Major, Charles (1856-1913) | Purdue University Libraries, Archives and Special Collections
Charles Major was born in Indianapolis, Indiana on July 25, 1856 to Stephen and Phoebe (Gatskill) Major. Stephen Major, an attorney, moved the family to Shelbyville, Indiana in 1869. Charles Major completed his schooling in Shelbyville before attending the University of Michigan to study law in 1872. Major returned to Shelbyville in 1875 to work at his father’s law firm while studying for the bar. In 1877 he passed the bar exam and married Alice Shaw of Shelbyville. The newly married couple chose to stay in Shelbyville and Major set up his law practice. Major also served one term as in the Indiana House of Representatives from 1886-1887.
Charles Major had always been interested in history and historical fiction, being a keen admirer of Sir Walter Scott’s work. In his spare time he wrote his first novel When Knighthood Was in Flower and had it published by Bowen Merrill in 1898. It was very popular and sold quite well; remaining on the best sellers list for fourteen months. In 1899 the novel was dramatized by Paul Kester for the popular actress Julia Marlowe. A revised version of the play opened in New York in 1901 to positive reviews. Film versions were produced in 1908 and 1922, and in 1953 When Knighthood Was in Flower was the basis for Walt Disney's The Sword and the Rose.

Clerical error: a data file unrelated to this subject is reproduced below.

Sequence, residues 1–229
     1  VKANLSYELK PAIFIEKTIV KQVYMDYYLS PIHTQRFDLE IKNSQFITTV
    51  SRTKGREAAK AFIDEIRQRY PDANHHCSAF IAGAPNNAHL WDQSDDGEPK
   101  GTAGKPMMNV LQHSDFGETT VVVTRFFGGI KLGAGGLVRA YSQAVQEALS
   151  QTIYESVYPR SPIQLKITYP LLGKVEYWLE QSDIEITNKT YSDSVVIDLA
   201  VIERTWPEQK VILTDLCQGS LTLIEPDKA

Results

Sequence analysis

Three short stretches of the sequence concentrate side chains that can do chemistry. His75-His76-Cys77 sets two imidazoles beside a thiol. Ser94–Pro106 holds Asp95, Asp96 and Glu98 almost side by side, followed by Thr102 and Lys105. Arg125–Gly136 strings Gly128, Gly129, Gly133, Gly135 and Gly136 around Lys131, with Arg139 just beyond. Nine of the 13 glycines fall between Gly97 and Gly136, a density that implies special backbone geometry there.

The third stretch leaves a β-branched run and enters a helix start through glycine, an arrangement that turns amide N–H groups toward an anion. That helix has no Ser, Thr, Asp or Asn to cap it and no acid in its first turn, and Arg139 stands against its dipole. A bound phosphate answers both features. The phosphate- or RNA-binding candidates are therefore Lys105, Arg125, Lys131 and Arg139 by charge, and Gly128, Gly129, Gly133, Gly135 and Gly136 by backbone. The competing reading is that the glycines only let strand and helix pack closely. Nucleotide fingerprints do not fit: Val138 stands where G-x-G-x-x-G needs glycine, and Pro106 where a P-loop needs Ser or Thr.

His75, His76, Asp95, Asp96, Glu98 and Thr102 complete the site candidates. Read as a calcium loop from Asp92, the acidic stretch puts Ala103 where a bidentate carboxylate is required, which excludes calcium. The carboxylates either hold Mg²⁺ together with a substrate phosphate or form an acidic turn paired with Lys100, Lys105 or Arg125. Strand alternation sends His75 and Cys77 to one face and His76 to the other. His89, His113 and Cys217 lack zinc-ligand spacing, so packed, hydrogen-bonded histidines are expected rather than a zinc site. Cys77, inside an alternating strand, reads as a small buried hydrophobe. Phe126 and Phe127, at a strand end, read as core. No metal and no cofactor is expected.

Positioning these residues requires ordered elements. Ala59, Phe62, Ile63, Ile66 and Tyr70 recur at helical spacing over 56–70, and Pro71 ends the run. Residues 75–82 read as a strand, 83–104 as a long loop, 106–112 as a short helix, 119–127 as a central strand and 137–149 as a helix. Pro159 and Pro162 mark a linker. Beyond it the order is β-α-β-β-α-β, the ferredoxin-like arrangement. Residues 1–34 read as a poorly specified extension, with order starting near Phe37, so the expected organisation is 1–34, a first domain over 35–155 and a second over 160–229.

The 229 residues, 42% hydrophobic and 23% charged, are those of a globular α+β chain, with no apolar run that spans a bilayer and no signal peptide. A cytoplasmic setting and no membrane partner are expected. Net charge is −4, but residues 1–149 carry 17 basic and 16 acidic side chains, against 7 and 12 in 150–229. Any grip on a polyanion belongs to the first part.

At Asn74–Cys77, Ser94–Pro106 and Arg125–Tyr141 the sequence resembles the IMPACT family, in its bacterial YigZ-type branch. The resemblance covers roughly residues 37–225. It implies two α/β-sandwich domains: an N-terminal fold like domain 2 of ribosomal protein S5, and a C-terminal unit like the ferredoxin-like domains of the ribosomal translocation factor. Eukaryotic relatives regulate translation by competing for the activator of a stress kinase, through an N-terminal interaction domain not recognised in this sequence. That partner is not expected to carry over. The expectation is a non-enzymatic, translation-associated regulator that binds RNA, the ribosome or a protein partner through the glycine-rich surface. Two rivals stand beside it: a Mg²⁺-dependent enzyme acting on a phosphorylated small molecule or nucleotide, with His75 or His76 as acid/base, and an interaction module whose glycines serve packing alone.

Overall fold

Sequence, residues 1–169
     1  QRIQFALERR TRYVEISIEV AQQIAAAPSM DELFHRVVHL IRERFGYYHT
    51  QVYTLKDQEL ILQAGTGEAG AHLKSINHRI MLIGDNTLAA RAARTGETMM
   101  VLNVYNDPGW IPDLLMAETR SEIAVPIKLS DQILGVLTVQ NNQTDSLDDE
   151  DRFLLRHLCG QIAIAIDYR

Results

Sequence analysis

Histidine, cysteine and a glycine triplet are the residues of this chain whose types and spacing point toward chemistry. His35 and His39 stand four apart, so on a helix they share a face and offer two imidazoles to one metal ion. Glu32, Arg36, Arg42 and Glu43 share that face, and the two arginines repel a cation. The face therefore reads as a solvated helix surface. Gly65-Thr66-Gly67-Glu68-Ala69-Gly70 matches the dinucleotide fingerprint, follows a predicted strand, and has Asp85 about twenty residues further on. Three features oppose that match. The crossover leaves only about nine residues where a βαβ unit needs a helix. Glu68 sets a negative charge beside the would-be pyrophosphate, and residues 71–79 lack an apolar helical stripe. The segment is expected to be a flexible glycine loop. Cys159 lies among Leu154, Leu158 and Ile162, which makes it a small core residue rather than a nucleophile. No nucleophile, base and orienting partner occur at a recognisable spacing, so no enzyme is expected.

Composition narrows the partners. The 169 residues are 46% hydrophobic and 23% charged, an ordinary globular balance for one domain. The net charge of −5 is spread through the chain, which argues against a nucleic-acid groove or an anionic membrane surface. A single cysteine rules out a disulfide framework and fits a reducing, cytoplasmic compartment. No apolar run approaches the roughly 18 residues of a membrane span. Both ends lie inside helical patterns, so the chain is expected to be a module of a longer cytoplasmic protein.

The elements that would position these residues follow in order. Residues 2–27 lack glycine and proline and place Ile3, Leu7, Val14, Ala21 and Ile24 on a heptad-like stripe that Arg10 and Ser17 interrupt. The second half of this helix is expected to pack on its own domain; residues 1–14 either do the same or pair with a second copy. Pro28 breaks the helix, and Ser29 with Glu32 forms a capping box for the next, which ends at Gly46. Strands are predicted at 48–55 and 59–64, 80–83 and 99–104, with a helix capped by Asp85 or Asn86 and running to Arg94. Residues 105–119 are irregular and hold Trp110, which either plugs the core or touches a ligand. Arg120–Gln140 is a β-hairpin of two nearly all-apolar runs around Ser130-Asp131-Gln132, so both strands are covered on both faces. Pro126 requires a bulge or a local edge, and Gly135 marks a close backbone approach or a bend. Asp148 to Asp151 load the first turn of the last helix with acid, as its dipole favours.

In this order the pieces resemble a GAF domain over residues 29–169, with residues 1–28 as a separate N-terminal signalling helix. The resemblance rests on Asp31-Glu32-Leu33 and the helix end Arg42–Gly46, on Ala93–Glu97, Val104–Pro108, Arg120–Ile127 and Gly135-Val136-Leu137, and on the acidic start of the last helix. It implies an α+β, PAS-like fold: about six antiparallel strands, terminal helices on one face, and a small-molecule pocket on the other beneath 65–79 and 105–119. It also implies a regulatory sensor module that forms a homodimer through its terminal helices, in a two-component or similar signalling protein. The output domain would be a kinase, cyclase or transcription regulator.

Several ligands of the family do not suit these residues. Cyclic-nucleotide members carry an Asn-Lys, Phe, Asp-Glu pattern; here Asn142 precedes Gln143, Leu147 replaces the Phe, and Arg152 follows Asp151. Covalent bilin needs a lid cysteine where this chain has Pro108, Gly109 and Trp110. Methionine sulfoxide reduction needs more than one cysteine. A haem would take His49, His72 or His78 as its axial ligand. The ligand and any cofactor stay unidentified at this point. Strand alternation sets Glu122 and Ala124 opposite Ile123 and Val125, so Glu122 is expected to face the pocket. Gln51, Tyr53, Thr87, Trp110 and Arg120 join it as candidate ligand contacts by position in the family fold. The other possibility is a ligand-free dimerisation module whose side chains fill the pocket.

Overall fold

Because of the success of this first novel, Major was able to cut back on law practice and the majority of his time was devoted to writing. The fame brought about by his first novel resulted in many opportunities for the Major family. In 1901 the couple was invited to the White House to meet President William McKinley and dined with Samuel Clemens "at the famous Delmonico's in New York City."
Major’s next novel was The Bears of Blue River. It tells the story of Little Balser Brent, a young child in Indiana and recounts his adventures in the early 1800s. This novel was distinguished by its “Hoosier” character. His third novel was Dorothy Vernon of Haddon Hall, which was an historical romance. His other novels include: A Forest Hearth, 1903; Yolanda, Maid of Burgundy, 1905; Uncle Tom Andy Bill, 1908; A Gentle Knight of Old Brandenburg, 1909; The Little King, 1910; Sweet Alyssum, 1911; and The Touchstone of Fortune, 1912. Some reviewers criticized his writing as hokey, while others felt it was “fine, readable fiction.” However, all reviewers seemed to agree that Major’s historical research was impeccable.
Charles Major passed away from liver cancer on February 13, 1913.
Contemporary Authors Online, Gale, 2008. Reproduced in Biography Resource Center.
Dictionary of Literary Biography, Volume 202: Nineteenth-Century American Fiction Writers. A Bruccoli Clark Layman Book. Edited by Kent P. Ljungquist, Worcester Polytechnic Institute. The Gale Group, 1999. pp. 179-184.